As tradition, Mrs. Whitman’s fourth grade class, after much practice and preparation, performed a theatrical version of The Chronicles of Narnia: The Lion, The Witch, and The Wardrobe, in their elementary classroom this last week. Showtimes were on Wednesday, May 17 at 1 p.m. for parents, Thursday, May 18 at 1 p.m. for the middle and high school, and on Friday, May 19 at 9 a.m. for the elementary. The casting was as follows:

Narrator: Emily Ketcham

Lucy: Neviah Simoons

Susan: Moriah Szuch

Mrs. Beaver: Aniya Nichols

Robin: Ava Taylor

White Witch: Jaymin Parent

Peter: Malachi Menke

Edmund: Isaiah Kiser

Mr. Beaver: Hewitt Wright

Professor: Hewitt Wright

Lady Ginnerbrickea: Ava Taylor

Aslan: Curtis Pollard III

Lady Fox: Emylie Kerns

Mr. Tumnus: Curtis Pollard III

Father Christmas: Curtis Pollard III

Lady Oreius: Emylie Kerns

Maughrim: Hewitt Wright

Sound: Emylie Kerns, Ava Taylor, Jaymin Parent

Mrs. Whitman, who has been directing the play for nine of the about sixteen years now, was excited to share about the play! When asked her favorite part of organizing it, she stated, “I love teaching the meaning and the symbolism of the story between Aslan the Lion and Jesus. Going from winter to spring it represents the darkness turning into light. Every year I find a deeper meaning to the story. Little light bulbs come on for the kids, and they see that what Aslan did is like what Jesus did for them. I love the higher level reading and thinking skills in reading the book and having the learning centers before we have the play.” This year specifically, Mrs. Whitman was pleased in how much the kids and parents enjoyed the performance. Also, the fun she had in knighting and blessing each of her students individually after the play.

The story is chosen to be done as a play and read by the class each year because of the spiritual symbolism and characters author C.S. Lewis incorporated into it. In the play’s program is a description of the story and how it parallels to the Gospel. By learning the story, the students can better understand the crucifixion, and it’s impact of salvation to our souls.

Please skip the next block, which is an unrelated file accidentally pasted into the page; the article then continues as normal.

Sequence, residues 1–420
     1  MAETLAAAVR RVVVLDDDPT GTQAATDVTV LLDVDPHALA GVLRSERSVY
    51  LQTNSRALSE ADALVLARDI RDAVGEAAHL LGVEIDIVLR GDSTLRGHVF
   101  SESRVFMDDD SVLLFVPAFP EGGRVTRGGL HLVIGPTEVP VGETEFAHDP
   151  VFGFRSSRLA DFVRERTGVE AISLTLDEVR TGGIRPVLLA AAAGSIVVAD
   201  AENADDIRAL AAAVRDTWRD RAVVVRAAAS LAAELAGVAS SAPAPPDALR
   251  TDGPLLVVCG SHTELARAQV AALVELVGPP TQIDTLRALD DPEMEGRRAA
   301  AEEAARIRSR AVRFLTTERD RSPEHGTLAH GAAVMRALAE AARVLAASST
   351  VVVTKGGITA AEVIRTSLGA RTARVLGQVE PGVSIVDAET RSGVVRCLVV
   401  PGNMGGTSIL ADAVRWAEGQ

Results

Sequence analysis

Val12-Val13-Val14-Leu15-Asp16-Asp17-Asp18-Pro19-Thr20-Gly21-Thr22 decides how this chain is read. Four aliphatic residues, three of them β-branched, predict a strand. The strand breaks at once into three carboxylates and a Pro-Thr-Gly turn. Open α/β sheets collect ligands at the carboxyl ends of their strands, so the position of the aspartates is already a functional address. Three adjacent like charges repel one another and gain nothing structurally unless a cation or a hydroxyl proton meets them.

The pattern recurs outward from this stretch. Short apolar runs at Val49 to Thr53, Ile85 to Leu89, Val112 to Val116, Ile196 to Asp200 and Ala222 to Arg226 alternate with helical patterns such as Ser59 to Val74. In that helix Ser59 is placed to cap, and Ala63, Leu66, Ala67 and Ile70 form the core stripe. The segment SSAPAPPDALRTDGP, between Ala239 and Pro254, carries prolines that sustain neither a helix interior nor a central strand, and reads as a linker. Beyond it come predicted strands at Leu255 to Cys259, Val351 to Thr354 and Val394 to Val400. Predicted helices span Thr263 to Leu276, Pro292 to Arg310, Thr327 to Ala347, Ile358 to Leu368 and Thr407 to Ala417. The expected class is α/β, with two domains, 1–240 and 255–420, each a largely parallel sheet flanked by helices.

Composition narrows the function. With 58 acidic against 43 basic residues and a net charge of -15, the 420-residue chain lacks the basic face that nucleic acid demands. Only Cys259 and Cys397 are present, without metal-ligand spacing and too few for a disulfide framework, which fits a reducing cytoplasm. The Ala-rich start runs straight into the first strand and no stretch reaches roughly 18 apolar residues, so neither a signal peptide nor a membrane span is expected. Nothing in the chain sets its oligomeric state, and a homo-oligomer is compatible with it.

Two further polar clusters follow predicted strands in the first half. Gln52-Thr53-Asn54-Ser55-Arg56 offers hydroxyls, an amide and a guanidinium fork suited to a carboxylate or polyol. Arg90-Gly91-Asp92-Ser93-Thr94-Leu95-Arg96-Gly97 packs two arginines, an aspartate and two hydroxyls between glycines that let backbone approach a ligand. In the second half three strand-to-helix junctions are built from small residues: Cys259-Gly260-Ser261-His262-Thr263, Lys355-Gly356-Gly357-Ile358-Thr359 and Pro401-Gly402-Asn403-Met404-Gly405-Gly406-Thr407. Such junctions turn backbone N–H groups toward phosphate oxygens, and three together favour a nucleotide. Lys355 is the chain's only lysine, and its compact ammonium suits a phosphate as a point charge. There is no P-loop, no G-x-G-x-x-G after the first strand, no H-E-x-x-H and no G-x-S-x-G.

Mrs. Whitman is already looking forward to next year’s performance! “I’ve already talked to next year’s kids, and they are so excited. Some of them have waited since kindergarten to be a certain part”, she shared. Congratulations to this year’s fourth-grade class and Mrs. Whitman for a job well done!

       

6th Grade DARE
  

D.A.R.E. Graduation

D.A.R.E. Graduation

By: Ethan Kramer

The 6th-grade class recently graduated from their D.A.R.E. (Drug abuse resistance education) class. This class teaches young students about the dangers of drugs and other substances. The students went through a ten-week class with a Sheriff Deputy Mike White where they learned how to escape out of difficult drug related situations. The 6th-grade class did demonstrations on drug resistance and what to say if confronted with drugs or peer pressure. Mr. White told the students that the best way to avoid drugs is to say NO! I spoke to some of the students from the class, and Landon Callahan said: “it was fun, even in a hard place I know God will help me.” Mrs. Kinner was asked about how the class affects the kids, and she replied with, “I think that there are a lot of kids who have not been exposed to this, thankfully, I think it’s really healthy for them to find what’s right and wrong early on, so they know how to handle it if they ever are pressured into drugs.”

I asked three other kids from the D.A.R.E. class the same question and wanted to compare their answers. What can you say if you are in a situation with peer pressure, and how do you get out of the situation. Ashton Draper said, “just look away and don’t say anything, just walk away, don’t be stupid.” Next, I asked Jessie Holloway, and she replied with, “just say NO! and walk away, and change the subject, like saying ‘lets go play basketball.” Emily Bontrager said, “Keep saying NO! just ignore them”. From seeing the responses to peer pressure, it is obvious the D.A.R.E. Program has had a huge impact on these students, and the students will have an impact on the community in return.